Paper ID: | 1775 |
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Title: | Thompson Sampling for Multinomial Logit Contextual Bandits |

The experimental section is tepid. As such this paper needs to be evaluated primarily on theoretical merit. Under this criterion I find the paper easily exceeds the standards for publication.

I think overall this paper is a good contribution. The Bayesian and the frequentist analysis for the TS-MNL algorithm is novel. Especially the frequentist analysis builds on recently proposed proof techniques in [2,4] (for linear contextual bandits) and extends it to the MNL problem. The frequentist regret bounds matches the corresponding bounds in the linear case. I have a few concerns and it would be great if the authors can correct/respond to them: 1. Concerns: Lines 142-144 is confusingly written. y_{t,i} is supposed to belong in {0,1} as noted before. It is better to write that the y vector is sampled from the multi-nomial logit distribution given by equation below line 140, rather the sub-gaussianity based description where it seems like y_{t,i} can take values in [0,1], even though it is technically correct. Assumption 1 actually says that x_{t,i} is actually i.i.d. This should be clarified before in the paper, as there are multiple mentions of x_{t,i} varying over time. It should be clarified that the distribution is i.i.d. Line 4 in the algorithm: I think the monte-carlo sampling scheme should be discussed in more details in the body of the paper. Also, how does this approximate sampling the theoretical or practical regret performance of the algorithm, needs to be discussed. The exact details of the markov chains construction are missing from the appendix as well. Line 201: There is no needs to use the term oracle if a polynomial time algorithm exists to solve the problem exactly. You can just refer to the algorithm (I am just commenting on the usage of the term oracle). It would also be appreciated if the computational complexity of the said algorithm is revealed in the discussion. Add a list of differences from [6] earlier in the paper. A little more details about the experimental setup is needed for the main body of the paper. For example, which algorithm was used as the optimization algorithm for line 5 in the algorithm. The real experiments are essentially semi-synthetic. A model is learnt from the actual dataset and then that model is used as the ground truth parameter. Can you think of a better evaluation method? Typos: Line 24 -- exploitation-exploitation trade-off -> exploration-exploitation trade-off Line 24-25 -- there are epoch/epsilon greedy strategies as well Line 136: and and -> and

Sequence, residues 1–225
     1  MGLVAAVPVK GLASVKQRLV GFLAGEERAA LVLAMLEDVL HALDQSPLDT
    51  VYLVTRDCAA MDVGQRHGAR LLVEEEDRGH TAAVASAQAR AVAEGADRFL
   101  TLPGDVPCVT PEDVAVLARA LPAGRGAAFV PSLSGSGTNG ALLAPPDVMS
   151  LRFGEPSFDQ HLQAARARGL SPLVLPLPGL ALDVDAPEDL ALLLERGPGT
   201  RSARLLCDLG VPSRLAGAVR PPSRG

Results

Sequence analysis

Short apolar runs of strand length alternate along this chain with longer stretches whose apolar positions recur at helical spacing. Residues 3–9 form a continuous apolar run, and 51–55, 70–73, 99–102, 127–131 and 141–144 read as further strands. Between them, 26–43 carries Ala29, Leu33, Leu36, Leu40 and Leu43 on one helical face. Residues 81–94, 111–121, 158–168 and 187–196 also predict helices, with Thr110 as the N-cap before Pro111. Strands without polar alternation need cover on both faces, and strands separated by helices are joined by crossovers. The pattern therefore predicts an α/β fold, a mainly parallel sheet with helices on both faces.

Overall, the paper is fine: setting, proposed approaches, theoretical analysis, and clarity. Still it may be improved in few ways. The main improvement would regard the motivation of the paper. Typically * the paper should give insight on why the best assortment selection with current assumption wrt. the reward distribution is different from the best assumption with cascading click model, or position-based click models; * the paper claims frugality of the proposed approach wrt. computation time (compared to UCB based approaches). That claim could be enforced by providing the computation time measured in experiments. It would also be enforced by a theoretical analysis of computation time. * current experiments are on simulated data (derived from real-world data). Experiments on real-world data with assortments would be more convincing. It's also unusual to have bibliographic citations linking to arXiv version of each paper without reference to the conference/journal where the paper was accepted. To name one, paper [39] has been accepted at UAI'16. ____________________________ POST REBUTTAL --- I thank the authors for their thorough answer. I agree with the authors regarding the originality and the soundness of assortment optimization as opposed to cascading/position-based model (let's denote them "independent optimization models") for multiple recommendation setting. Still, I think THE PAPER should include as much insights as possible to demonstrate the potentiality of assortment optimization: * some simple examples where assortment and independent optimization are selecting two different assortments (with substituable items, obviously), * some real-world datasets/analysis demonstrating the benefit of such modelization, * an empirical comparison to state of the art regarding independent optimization models. Such comparaison is even more required given that several papers with independent modelization were published in Machine Learning avenues. By the way, I would prefer the semi-synthetic data to be derived from real-world datasets with assortment properties. There are publicly available "baskets" datasets, I wonder if they may provide the required starting data. Finally, I acknowledge that appart from paper [39], arXiv citations concern papers which are still unpublished. Having five of them cited remains surprising.